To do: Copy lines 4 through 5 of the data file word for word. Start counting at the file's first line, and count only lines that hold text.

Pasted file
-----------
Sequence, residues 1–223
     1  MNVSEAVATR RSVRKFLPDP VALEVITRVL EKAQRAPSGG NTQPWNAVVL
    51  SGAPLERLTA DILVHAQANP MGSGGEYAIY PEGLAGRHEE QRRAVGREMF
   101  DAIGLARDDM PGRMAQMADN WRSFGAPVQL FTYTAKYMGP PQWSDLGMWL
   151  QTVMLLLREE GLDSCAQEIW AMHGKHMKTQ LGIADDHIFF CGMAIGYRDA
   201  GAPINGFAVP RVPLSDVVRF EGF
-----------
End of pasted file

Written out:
   101  DAIGLARDDM PGRMAQMADN WRSFGAPVQL FTYTAKYMGP PQWSDLGMWL
   151  QTVMLLLREE GLDSCAQEIW AMHGKHMKTQ LGIADDHIFF CGMAIGYRDA